Now only had a few excessive money but lack of happiness as that money was not enough, or should I say the person didn’t know how to define “ENOUGH.”

 

As greed for more kept increasing, so did dissatisfaction.

 

The challenge one constantly faced was to determine how much is enough and if one couldn’t put a full stop to enough, the need for more kept increasing. As humans started accumulating more and more money or currency, the more he became suspicious of people – of those who have more than him and also of those who have less than him. Suspicion of people who have less is understandable as s/he believed that they were angling for his or her money. He also distrusted those who had more than him as he felt jealous and wished to surpass them in the race to achieve more and, hence, greed took over.

 

In this journey to have more, man started distrusting his mother, father, children, relatives, friends and entire unit which was once created to give him or her protection.

 

As the world continues to evolve, societies become even more intolerant and insecure, finding ways to replace humans from the ecosystem all together by adopting robots and animals as companions, using instruments like texts and emails to keep near and dear ones away.

 

The irony remains that even on modern instruments and tools we seek instant gratification in the form of likes, emojis or responses.

 

Similar is the case of investments, where most people’s desire for instant acknowledgement leads them to participate in day trading or short-term buying and selling.

 

Some of the most valuable companies provide instant gratification or value for your money, like Facebook or Amazon, which gives you highs with instant likes or instant purchases along with huge discounts.

 

Thus, for consumer companies which provide instant gratification for your currency, you are willing to pay higher valuations.

 

As soon as a company or investment involves a long-term horizon, you shift from instant gratification to forging relationships with people. The immediate benefit is replaced with people. But people change with circumstances, causing more uncertainty and lesser valuation.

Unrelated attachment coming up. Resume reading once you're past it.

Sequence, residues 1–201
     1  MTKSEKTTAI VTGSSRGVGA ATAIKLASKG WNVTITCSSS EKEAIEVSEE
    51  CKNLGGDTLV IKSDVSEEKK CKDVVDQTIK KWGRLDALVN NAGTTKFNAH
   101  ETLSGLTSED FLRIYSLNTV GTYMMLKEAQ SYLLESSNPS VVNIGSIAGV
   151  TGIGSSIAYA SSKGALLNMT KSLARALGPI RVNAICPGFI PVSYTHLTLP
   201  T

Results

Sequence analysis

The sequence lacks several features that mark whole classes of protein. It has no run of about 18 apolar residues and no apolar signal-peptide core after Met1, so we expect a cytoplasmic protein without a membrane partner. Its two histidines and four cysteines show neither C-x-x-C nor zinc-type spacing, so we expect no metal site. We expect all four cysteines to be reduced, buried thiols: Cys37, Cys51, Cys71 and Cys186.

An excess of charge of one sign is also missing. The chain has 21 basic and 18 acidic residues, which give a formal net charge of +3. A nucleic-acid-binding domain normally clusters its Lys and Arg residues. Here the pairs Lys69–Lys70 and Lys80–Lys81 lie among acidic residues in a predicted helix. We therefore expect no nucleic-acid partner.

Hence the Anagogic Banker says, “Learn to earn People, money will follow.”

 

 

 

 

 

Siddhartha Rastogi

Siddhartha Rastogi

Siddhartha was born to a learned middle class educated family in Semi Urban India. His father was an extremely honest man who because of his honesty had to pay the price in corporate world. Mother is a determined woman who ensured that children are being well taken care off. After a few years of birth, doctors called Siddhartha, a slow child having flat foot. He would fall more than he could walk. Determined mother ensured all therapies for her son to come out strong to fight the world. Siddhartha joined swimming when he was in 6th standard. Seeing other children of his class, he jumped in 10 feet deep pool and learnt swimming on his own, the very same day.

From that day there was no looking back. He topped his city in 12th and went to score highest in his B school exams. During his profession as banker, he became youngest branch manager of a MNC bank managing their biggest wealth branch in the country. There he found love of his life and got married. His love of his life emerged in the form of his daughter who completely changed him for good.

Siddhartha Rastogi is Director for a boutique Investment bank in India.

Siddhartha is a forward looking thinker & writer who has written a book on decision making. 8 Simple steps to effective decision making.

He writes on various social and current issues via his blog and can also be found on twitter.

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1 Comment

  1. Tom Arms July 29, at 15:06

    ahh, a cynical banker.. We need for of them.

    Reply